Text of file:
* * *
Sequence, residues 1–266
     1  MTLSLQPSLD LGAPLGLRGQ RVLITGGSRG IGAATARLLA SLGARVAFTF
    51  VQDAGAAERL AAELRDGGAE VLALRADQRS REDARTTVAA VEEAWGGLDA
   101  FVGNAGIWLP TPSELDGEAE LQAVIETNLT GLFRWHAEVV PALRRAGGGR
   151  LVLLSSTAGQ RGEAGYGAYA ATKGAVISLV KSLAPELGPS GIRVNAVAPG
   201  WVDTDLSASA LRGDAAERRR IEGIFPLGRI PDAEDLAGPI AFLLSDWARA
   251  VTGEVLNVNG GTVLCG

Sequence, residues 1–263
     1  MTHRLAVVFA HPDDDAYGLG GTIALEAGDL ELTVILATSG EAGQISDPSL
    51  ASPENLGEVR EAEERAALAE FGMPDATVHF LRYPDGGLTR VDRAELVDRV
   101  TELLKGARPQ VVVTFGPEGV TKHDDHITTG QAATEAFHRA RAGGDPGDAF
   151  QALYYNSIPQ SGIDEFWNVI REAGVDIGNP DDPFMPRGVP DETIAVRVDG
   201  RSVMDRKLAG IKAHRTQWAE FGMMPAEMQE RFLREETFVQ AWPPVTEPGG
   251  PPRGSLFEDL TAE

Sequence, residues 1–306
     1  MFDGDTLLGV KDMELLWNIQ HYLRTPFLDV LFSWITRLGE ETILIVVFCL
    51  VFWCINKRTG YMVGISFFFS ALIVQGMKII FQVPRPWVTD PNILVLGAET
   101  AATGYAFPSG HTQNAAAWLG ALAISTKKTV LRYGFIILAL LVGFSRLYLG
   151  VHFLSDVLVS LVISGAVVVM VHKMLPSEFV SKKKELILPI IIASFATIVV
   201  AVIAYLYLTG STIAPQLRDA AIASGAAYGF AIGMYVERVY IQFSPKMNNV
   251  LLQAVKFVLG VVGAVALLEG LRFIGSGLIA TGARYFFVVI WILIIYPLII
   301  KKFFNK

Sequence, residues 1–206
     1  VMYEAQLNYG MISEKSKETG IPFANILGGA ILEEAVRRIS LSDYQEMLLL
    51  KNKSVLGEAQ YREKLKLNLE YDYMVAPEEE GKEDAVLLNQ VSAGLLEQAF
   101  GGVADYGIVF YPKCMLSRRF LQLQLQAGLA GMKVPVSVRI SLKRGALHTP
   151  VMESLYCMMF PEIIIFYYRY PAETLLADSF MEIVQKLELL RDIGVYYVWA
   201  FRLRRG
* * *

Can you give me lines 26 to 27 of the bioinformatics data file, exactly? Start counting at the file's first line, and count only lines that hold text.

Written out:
   101  GGVADYGIVF YPKCMLSRRF LQLQLQAGLA GMKVPVSVRI SLKRGALHTP
   151  VMESLYCMMF PEIIIFYYRY PAETLLADSF MEIVQKLELL RDIGVYYVWA